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SEA Summer Session

Protecting the Phoenix Islands

Journey to "Underwater Eden"... Sail throughout the last coral wilderness on Earth in order to preserve its future. Join a limited group of students alongside world-renowned experts for an unprecedented scientific research voyage to the Phoenix Islands Protected Area. Explore the world’s largest – and deepest – UNESCO World Heritage Site while creating a policy plan to ensure its protection. An incredible learning opportunity with amazing networking possibilities.

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Overview: Summer 2017 | Protecting the Phoenix Islands

Voyage Map

Click map to enlarge.

Application/Financial Aid Deadline: Closed

Completed applications for admission AND financial aid must be received together in order to be considered.


This 8-week summer session welcomes students to explore one of the last coral wildernesses on Earth through one of two academic tracks: science or policy.


Cruise Track: American Samoa to American Samoa
Destinations: American Samoa > Phoenix Islands Protected Area > American Samoa


June 12 - August 11, 2017

June 12 - 30: On shore in Woods Hole
July 7 - Aug. 11: At sea

Program Highlights

  • Examine impacts of El Niño
  • Contribute data to inform marine conservation policy
  • Study oceanography of tropical oceans
  • Collect baseline data to assess impacts of climate change

Who Should Apply?

This program is ideal for students with an interest in conservation policy and marine science. Students may choose a policy or science track, offering flexibility in project topics and transfer credit. We welcome students of all majors to apply.

Program Description

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A joint effort with the New England Aquarium, this program invites students to explore the Phoenix Islands Protected Area (PIPA), a tropical ocean wilderness of diverse deep-ocean ecosystems dotted by eight spectacular coral islands. Students join experts from SEA, the Woods Hole Oceanographic Institution, and the New England Aquarium to conduct research that will assist in the development of an effective conservation plan for the region.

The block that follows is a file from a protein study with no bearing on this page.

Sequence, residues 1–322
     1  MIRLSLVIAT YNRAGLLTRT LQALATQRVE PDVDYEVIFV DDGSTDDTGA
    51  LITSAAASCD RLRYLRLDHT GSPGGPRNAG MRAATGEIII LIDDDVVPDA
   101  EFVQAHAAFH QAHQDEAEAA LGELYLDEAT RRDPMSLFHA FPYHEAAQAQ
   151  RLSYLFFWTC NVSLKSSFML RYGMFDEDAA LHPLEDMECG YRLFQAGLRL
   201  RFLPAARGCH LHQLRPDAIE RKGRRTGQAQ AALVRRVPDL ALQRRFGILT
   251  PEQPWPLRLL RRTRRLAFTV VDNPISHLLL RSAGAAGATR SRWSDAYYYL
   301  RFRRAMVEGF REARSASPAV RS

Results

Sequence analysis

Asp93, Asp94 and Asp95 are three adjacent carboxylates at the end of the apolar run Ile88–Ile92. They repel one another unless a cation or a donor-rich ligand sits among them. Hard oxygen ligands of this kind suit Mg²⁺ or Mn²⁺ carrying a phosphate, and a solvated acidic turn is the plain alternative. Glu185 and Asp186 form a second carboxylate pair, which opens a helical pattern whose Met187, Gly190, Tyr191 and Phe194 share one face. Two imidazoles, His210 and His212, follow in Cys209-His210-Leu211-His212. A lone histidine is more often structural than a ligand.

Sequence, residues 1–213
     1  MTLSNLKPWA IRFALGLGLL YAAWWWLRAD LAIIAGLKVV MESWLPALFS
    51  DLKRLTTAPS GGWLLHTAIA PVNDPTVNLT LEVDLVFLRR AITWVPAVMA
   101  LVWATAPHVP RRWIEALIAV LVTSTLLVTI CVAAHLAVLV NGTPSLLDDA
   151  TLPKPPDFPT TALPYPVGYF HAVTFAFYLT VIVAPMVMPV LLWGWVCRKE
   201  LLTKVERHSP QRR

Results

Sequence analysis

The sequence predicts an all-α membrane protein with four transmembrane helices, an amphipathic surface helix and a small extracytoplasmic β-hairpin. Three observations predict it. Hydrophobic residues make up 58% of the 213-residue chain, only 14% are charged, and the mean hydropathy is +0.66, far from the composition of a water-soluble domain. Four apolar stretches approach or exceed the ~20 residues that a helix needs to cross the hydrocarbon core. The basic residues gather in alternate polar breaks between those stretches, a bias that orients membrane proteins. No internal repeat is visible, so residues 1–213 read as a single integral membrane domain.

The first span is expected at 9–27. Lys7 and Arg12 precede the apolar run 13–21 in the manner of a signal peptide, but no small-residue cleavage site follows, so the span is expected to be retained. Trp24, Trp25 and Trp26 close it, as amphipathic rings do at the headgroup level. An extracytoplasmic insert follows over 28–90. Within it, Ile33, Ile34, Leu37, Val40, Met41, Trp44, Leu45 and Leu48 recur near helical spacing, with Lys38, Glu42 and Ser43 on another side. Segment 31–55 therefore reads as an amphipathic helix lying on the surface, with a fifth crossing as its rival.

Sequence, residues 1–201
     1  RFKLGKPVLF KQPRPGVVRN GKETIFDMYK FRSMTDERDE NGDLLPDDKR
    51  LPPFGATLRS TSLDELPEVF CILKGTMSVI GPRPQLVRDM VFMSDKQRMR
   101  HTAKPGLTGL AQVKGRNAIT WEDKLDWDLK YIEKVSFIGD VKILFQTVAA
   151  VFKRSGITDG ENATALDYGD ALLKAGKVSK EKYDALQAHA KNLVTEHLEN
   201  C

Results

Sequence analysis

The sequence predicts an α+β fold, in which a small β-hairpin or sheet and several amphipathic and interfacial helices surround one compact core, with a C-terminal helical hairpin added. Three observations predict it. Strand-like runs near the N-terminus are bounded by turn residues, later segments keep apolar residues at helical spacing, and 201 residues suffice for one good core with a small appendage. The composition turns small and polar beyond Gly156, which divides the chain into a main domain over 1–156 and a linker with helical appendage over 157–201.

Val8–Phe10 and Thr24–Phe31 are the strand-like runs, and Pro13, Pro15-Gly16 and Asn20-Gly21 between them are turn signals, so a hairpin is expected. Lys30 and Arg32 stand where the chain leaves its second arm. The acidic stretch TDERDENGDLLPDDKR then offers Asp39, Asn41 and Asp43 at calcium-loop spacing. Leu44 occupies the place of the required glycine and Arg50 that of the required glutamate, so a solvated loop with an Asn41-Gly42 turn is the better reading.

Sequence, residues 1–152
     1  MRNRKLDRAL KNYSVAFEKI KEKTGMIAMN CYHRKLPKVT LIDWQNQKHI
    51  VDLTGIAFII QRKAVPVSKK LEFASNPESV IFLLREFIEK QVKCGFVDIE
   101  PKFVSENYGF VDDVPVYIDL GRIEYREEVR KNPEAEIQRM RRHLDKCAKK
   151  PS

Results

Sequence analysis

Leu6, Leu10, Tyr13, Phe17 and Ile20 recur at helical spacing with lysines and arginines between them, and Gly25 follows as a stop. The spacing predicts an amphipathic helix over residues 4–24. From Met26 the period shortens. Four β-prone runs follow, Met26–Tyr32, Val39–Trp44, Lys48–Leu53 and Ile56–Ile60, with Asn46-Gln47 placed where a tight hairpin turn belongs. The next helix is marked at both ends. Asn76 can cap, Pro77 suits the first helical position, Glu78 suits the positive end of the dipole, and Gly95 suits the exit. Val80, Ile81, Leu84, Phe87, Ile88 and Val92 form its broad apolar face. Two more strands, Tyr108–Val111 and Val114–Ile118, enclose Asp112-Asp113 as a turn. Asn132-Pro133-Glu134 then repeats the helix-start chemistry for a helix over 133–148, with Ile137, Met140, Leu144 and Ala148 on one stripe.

Beginning with a three-week shore component in Woods Hole, students use PIPA as a case study to develop their own research project in either ocean science or conservation policy. They then join the SSV Robert C. Seamans for a five-week research voyage throughout the archipelago.

Students work side by side with experts to collect samples from the marine environment and visit the region's islands and pristine coral reefs. By providing real-time data, student projects will ultimately compose a picture of the state of the ocean for the benefit of the PIPA management office in Kiribati.

Course Descriptions & Syllabi

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Academic Credit

Protecting the Phoenix Islands carries 11 semester hour credits from Boston University for successful completion of the program.

Course Descriptions

The Ocean & Global Change (300-level, 4 credits)

Prereq: Admission to SEA Semester. Sophomore standing or consent of instructor. 
Ocean ecosystem change in the anthropocene: warming, acidification, fisheries depletion, and pollution. Review principles of circulation, seawater chemistry, nutrient dynamics, and biological production to understand causes and consequences of change. Conduct field measurements for contribution to time-series datasets.

Toward a Sustainable Ocean: Conservation & Management (300-level, 3 credits)

Prereq: Admission to SEA Semester. Sophomore standing or consent of instructor. 
Comparative and issue-driven introduction to managing human uses and conserving coastal and ocean places and resources.  Explore concepts of technology, governance, sector and ecosystem management, and marine protected areas through expert content lectures, topical seminars, and field trips.

Your Choice of Research Course Options:

Advanced Ocean Policy Research (400-level, 4 credits)
Prereq: Admission to SEA Semester. Junior standing or consent of instructor.
Advanced policy research focusing on a topic of current importance (may include fisheries, biodiversity, marine spatial planning, and cultural heritage). Emphasis on theoretical concepts, research methods, and communication skills. Requires critical review paper, original research, final report and presentation.

-- OR --

Directed Oceanographic Research (300-level, 4 credits)
Prereq: Admission to SEA Semester. Three lab science courses (one at the 300-level or higher) or consent of instructor.
Design and conduct original oceanographic research. Collect data and analyze samples. Compile results in peer-reviewed manuscript format and share during oral or poster presentation session. Emphasis on development of research skills and written/oral communication abilities.

-- OR --

Practical Oceanographic Research (200-level, 4 credits)
(Previously titled Practical Oceanography II)
Prereq: Admission to SEA Semester.
Introduction to oceanographic research. Design a collaborative, hypothesis-driven project following the scientific process. Collect original data. Conduct analysis and interpretation, then prepare a written report and oral presentation.


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"SEA Semester was the perfect environment to learn about a vastly important but often overlooked part of our world, the oceans. The classroom time was very engaging and I learned a great deal in this more traditional academic environment. Of course, the sea component will probably be the most memorable aspect of my undergraduate education."

Evan Oleson
Economics Major
Williams College